Thursday, May 19, 2011

Fast as you can

We were challenged this week in our men's class to choose one meal on Monday to fast. Sitting in a room with a handful of other guys in the 20's-30's at a Baptist church, fasting is pretty much as vulgar an idea as you could find. (Thanks to Ed Stetzer and Philip Nation, and Compelled by Love)

I entered Monday, planning to fast for breakfast. I would be asleep through lunch and didn't think fasting before work would be a good idea. Then I ate pancakes... fail
This defaulted me to trying to decide when I would try to fast at some other point this week. I can't say that I consciously chose to fast for dinner that night, it ended up happening by default. I also failed in spending time in the Word. I was driving to work before I fully realized that I hadn't eaten in about 9 hours. I wasn't hungry, and realized I had been spending most of my afternoon in an open-ended prayer. I prayed more that afternoon than I had in awhile. I thought, wow... I inadvertently fasted!

So, I wanted to just say a few things about this spiritual discipline:
First- The Bible, when mentioning fasting, speaks of "when" we fast, not "if"
We are supposed to do this, we are supposed to place our faith in God, not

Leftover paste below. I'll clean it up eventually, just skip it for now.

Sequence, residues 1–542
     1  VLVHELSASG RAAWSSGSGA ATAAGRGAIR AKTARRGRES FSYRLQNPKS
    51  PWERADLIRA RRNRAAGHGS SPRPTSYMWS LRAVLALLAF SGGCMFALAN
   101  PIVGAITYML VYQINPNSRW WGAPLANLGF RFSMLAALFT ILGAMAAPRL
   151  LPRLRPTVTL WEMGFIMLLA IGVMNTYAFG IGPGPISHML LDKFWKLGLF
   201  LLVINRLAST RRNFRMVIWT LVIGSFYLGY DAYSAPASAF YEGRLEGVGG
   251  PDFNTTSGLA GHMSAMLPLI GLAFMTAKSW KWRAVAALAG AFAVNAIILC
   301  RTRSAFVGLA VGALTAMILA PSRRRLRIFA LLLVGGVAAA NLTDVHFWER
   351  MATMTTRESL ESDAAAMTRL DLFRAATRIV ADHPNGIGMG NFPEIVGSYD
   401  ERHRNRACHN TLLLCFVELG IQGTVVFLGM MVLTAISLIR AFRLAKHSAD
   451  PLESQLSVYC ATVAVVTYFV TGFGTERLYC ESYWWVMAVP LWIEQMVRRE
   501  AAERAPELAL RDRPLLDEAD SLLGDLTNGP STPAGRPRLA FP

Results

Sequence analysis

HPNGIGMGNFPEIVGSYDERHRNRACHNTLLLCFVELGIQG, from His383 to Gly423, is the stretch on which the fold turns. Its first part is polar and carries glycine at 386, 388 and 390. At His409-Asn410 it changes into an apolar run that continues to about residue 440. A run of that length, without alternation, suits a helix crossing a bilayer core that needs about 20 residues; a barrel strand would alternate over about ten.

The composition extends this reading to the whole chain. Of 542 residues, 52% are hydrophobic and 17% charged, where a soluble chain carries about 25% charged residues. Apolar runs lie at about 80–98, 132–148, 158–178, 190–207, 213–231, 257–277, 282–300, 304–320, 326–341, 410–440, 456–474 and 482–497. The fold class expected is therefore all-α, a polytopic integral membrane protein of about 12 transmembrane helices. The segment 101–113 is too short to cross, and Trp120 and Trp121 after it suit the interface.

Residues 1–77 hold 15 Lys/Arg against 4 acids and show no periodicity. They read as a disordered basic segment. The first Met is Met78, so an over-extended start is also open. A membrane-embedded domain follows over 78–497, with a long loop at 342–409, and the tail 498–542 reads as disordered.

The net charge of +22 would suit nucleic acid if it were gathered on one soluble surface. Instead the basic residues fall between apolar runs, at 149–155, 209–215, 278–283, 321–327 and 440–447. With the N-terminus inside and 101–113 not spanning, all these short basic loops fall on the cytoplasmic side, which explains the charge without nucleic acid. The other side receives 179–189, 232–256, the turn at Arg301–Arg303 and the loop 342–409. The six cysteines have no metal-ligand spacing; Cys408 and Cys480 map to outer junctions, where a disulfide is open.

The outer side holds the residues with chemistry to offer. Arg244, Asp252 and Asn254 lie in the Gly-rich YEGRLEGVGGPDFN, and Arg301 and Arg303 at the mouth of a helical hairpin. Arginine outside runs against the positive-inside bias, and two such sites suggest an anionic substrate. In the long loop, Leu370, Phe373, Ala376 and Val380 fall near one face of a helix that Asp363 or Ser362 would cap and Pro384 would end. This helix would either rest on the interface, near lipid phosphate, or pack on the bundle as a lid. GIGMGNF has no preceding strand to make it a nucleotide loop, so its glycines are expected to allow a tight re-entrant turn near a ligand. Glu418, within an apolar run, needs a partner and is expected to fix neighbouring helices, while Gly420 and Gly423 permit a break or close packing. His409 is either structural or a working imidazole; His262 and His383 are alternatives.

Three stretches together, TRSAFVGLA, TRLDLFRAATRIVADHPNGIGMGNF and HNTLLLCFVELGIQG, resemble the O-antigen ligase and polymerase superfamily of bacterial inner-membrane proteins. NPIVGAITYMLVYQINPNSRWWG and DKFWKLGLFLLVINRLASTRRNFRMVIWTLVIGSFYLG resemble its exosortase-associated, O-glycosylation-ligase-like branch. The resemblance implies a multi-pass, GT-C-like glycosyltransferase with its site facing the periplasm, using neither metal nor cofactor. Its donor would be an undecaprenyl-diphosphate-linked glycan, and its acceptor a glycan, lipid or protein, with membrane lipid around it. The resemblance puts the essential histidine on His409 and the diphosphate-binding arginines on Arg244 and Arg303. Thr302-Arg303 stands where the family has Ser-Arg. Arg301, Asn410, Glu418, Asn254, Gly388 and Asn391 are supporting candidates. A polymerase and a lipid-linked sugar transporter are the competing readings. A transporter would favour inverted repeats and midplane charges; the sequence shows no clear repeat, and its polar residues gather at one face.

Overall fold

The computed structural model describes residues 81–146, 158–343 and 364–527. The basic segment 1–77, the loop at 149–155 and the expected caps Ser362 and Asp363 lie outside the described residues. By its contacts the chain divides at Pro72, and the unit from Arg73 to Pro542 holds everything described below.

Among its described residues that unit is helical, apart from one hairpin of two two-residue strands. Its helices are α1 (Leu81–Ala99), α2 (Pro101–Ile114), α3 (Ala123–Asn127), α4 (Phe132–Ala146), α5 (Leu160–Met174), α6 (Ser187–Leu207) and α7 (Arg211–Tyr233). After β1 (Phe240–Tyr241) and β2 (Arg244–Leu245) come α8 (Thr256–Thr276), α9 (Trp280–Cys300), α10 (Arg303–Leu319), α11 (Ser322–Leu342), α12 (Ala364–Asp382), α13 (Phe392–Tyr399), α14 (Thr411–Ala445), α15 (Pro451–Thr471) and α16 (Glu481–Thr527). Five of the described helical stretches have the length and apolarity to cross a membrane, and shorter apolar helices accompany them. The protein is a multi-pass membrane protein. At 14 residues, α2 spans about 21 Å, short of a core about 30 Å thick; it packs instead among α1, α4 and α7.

our stomach.
Second- One thought that stuck out in my mind was that I kept trying to make it
about me. When would it fit into my schedule? Does one meal really count?
What am I going to gain by just 1 meal, is it really enough for God to speak
to me? The questions continue... and the conviction that kept hitting me in
the gut? I am not to fast for me, I am not supposed to GAIN anything! It is
purposeful and outward expression of worship to a God that is fully able to
sustain my EVERY need.
Third- I keep trying to define God, to find a way to sell God. I apparently think
He needs my help... instead of taking time to just worship Him. He is
powerful enough to make me fast, even when I wasn't going to. He showed me
He is bigger than me, and when I focus more on Him than I do on me... obedience comes with much less thought and effort.

Thanks to people who challenge us to do things differently.

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